Job vacancies increase; public sector employment increases but mostly driven by NHS hires
LONDON, ENGLAND — The number of available jobs in the UK actually increased over the past three months, according to the latest data from the Office for National Statistics (ONS).
In its June 2022 bulletin detailing employment statistics in the country, recently just this week, the ONS found that there hasn’t been much improvement in the UK’s labour market since its last bulletin was released in May.
Just last month, the ONS revealed shocking statistics that “for the first time, the number of vacancies was larger than the number of people unemployed”.
The latest data, according to the ONS, shows an overall employment figure of 75.6 percent and an unemployment figure of 3.8 percent.
Job vacancies on the rise
The number of available jobs in the UK is also trending higher, according to the ONS, seeming to indicate a lack of progression in the labour market.
Although public sector employment increased by 21,000 in the most recent survey period, more than half of that number was attributed to National Health Service (NHS) hires at 13,000.
This reflects a staggeringly low number of jobs being filled despite the modest increase in availability.
Companies were already struggling to stay competitive to attract and retain top talent in this climate of the “Great Resignation”.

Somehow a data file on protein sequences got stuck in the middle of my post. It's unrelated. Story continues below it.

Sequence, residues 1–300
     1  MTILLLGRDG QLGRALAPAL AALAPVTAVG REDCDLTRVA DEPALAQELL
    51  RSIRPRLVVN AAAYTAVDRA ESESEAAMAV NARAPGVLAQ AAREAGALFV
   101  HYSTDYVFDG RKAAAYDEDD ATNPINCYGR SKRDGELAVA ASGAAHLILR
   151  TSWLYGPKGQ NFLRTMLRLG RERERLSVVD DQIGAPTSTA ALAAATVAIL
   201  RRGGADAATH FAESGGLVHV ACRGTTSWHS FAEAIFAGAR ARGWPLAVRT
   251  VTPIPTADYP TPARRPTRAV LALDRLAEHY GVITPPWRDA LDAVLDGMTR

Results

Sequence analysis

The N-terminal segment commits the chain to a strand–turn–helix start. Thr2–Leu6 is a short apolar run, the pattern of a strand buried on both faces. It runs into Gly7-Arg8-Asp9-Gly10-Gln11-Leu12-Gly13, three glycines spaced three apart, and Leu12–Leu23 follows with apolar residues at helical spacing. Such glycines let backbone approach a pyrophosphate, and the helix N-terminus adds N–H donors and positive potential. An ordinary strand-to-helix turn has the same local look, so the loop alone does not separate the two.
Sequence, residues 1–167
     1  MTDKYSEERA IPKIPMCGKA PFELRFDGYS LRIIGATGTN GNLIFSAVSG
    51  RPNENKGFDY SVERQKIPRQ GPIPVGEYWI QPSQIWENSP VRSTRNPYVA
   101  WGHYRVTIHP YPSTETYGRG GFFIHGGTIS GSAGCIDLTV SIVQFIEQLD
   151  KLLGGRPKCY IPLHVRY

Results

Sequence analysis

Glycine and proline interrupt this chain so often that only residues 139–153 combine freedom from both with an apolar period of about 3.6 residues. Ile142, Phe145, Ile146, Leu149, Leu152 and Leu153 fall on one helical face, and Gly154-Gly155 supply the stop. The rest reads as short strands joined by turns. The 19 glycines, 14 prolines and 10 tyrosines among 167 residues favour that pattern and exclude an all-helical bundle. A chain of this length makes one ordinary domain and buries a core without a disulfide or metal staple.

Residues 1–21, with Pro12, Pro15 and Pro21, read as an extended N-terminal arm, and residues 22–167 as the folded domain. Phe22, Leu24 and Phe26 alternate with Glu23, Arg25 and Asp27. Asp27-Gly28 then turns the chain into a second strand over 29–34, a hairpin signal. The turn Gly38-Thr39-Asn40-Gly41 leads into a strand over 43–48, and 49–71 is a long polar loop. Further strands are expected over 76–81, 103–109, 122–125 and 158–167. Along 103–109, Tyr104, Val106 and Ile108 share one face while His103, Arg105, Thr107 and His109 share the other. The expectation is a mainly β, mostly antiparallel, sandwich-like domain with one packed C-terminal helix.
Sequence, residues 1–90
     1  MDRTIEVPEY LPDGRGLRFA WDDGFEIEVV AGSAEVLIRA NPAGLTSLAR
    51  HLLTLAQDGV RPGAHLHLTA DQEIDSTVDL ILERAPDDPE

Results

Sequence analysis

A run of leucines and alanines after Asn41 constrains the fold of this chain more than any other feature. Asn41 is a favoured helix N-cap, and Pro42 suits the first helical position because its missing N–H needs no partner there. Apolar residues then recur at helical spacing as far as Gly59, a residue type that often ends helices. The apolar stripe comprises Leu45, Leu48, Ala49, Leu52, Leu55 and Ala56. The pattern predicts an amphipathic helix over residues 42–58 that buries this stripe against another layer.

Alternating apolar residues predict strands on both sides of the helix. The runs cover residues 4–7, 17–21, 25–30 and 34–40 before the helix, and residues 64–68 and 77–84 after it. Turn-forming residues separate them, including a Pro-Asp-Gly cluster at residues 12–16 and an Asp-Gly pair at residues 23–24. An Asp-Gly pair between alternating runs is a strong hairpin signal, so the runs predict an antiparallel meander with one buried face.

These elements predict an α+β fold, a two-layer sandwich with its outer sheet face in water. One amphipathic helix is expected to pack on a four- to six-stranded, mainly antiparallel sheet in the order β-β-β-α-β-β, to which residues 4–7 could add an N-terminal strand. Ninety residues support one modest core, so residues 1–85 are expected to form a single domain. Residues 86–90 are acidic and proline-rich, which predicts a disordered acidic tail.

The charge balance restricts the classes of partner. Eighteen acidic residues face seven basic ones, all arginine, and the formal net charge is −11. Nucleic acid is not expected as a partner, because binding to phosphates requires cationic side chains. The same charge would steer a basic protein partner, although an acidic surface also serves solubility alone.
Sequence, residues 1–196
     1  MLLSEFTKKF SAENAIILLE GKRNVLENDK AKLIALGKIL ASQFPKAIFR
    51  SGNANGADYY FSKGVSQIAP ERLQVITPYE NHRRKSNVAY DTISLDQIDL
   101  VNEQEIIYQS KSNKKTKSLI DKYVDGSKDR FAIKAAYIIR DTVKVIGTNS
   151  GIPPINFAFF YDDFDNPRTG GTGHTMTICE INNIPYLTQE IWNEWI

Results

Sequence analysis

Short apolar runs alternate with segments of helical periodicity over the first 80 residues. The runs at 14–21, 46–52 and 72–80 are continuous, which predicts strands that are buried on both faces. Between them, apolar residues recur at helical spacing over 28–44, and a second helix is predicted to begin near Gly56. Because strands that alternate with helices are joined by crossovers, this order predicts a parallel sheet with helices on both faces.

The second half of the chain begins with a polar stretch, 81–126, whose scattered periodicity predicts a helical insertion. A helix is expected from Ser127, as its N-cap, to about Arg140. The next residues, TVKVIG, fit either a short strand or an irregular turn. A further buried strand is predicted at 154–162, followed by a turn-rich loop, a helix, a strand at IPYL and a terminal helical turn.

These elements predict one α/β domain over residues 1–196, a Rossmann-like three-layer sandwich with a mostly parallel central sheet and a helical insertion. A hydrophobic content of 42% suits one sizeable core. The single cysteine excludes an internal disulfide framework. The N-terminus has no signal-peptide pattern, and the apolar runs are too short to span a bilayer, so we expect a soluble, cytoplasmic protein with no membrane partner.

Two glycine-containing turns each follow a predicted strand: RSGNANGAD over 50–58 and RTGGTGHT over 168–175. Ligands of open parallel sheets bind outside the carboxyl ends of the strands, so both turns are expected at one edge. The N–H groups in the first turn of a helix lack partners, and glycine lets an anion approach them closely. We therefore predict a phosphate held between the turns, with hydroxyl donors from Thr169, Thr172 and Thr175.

Now, with the ONS data showing more and more jobs becoming available without a corresponding increase in hires, it suggests companies may have to compete even more if they want to stay on top.
‘Mixed picture’ of UK employment
ONS Head of Economic Statistics Sam Beckett commented on the employment figures in the latest data.
He indicated that while there has been evidence of more jobs in the UK being filled in recent times, the overall UK job market is still faring worse than before the COVID-19 pandemic began.
“Today’s figures continue to show a mixed picture for the labour market,” said Beckett.
“While the number of people in employment is up again in the three months to April, the figure remains below pre-pandemic levels.
“Moreover, although the number of people neither in work nor looking for a job has fallen slightly in the latest period, that remains well up [from] where it was before COVID-19 struck.
“At the same time, unemployment is close to a 50-year low point and there was a record low number of redundancies.
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